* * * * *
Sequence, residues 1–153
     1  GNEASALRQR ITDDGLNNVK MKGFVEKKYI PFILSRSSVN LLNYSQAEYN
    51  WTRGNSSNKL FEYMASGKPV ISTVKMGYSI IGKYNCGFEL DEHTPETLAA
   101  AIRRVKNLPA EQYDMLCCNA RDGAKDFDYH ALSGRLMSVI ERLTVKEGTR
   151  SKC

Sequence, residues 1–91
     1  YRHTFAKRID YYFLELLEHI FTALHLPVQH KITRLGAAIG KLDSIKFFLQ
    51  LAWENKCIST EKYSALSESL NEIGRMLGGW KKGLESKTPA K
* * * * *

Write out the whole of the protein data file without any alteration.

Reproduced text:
Sequence, residues 1–153
     1  GNEASALRQR ITDDGLNNVK MKGFVEKKYI PFILSRSSVN LLNYSQAEYN
    51  WTRGNSSNKL FEYMASGKPV ISTVKMGYSI IGKYNCGFEL DEHTPETLAA
   101  AIRRVKNLPA EQYDMLCCNA RDGAKDFDYH ALSGRLMSVI ERLTVKEGTR
   151  SKC

Sequence, residues 1–91
     1  YRHTFAKRID YYFLELLEHI FTALHLPVQH KITRLGAAIG KLDSIKFFLQ
    51  LAWENKCIST EKYSALSESL NEIGRMLGGW KKGLESKTPA K